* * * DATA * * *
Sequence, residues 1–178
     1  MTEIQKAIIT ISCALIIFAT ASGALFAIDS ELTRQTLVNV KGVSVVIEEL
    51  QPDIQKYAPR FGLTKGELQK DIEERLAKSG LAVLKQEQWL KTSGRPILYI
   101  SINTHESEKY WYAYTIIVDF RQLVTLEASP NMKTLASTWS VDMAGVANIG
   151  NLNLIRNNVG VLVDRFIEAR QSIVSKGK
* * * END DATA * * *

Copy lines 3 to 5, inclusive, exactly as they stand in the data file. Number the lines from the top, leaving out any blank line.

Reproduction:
    51  QPDIQKYAPR FGLTKGELQK DIEERLAKSG LAVLKQEQWL KTSGRPILYI
   101  SINTHESEKY WYAYTIIVDF RQLVTLEASP NMKTLASTWS VDMAGVANIG
   151  NLNLIRNNVG VLVDRFIEAR QSIVSKGK